Fed Doesn't Budge

It would be hard to find a policy statement from the Federal Reserve with as few changes as the one issued today. The Fed made no changes to monetary policy and only minor changes to the language of its statement. Even the lone dissent, from Kansas City Fed Bank President Esther George, was a carbon copy from the last statement in March.

On the economy itself, the Fed added a few words suggesting a more tepid recovery in the labor market, consistent with last month’s report of softer growth in payrolls. The Fed also suggested more confidence that fiscal policy is restraining economic growth. We think this confidence is misplaced. The Fed, which is often obsessed with the “wealth effect” from the stock market, ignored that the S&P 500 was up 5.5% since the federal spending sequester went into effect. That’s more than $500 billion in household wealth. Applying a modest 5% propensity to consume out of this wealth, suggests added spending of $25 billion, more than half of the total sequester-related spending cuts through the end of September.

On monetary policy, the Fed added a sentence saying that it “is prepared to increase or reduce the pace of (asset) purchases…as the outlook for the labor market or inflation changes.” Others might make a big deal out of this, but we think it is not a shift in policy at all. By now, every investor should have known that the Fed, which is already on its third round of quantitative easing, might increase asset purchases if they don’t get the data they want to see.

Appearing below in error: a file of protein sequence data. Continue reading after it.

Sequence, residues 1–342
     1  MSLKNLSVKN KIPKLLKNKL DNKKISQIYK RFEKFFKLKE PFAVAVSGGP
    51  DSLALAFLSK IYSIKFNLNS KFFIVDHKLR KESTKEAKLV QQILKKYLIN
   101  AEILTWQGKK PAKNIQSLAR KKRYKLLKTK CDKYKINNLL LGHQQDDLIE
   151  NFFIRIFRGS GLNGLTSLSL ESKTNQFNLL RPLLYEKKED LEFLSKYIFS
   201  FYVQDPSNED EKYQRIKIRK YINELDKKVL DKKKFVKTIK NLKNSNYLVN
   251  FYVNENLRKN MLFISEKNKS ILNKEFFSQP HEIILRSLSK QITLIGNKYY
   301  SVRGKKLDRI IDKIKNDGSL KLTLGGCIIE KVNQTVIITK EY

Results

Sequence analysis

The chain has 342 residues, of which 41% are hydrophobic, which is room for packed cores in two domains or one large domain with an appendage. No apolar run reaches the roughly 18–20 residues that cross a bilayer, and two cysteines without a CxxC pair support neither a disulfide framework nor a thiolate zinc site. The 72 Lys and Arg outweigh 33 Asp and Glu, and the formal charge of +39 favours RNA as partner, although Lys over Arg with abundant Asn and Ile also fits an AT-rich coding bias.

As we have written many times before, QE3 is simply adding to the already enormous excess reserves in the banking system, not dealing with the underlying causes of economic weakness, including the growth in government, excessive regulation, and expectations of higher future tax rates. QE3 will not add anything to economic growth and, as long as banks are reluctant to lend aggressively, not cause hyper-inflation either.

Nominal GDP – real GDP plus inflation – is already growing at around a 3.5% annual rate. At that pace, the economy can already sustain a much higher federal funds rate than now prevails. Maintaining rates near zero percent will eventually lead to inflation running consistently above the Fed’s 2% target, which means once it starts raising rates the peak will be higher than 4%, perhaps much higher.

This information contains forward-looking statements about various economic trends and strategies. You are cautioned that such forward-looking statements are subject to significant business, economic and competitive uncertainties and actual results could be materially different. There are no guarantees associated with any forecast and the opinions stated here are subject to change at any time and are the opinion of the individual strategist. Data comes from the following sources: Census Bureau, Bureau of Labor Statistics, Bureau of Economic Analysis, the Federal Reserve Board, and Haver Analytics. Data is taken from sources generally believed to be reliable but no guarantee is given to its accuracy.

© First Trust Advisors


© First Trust Advisors

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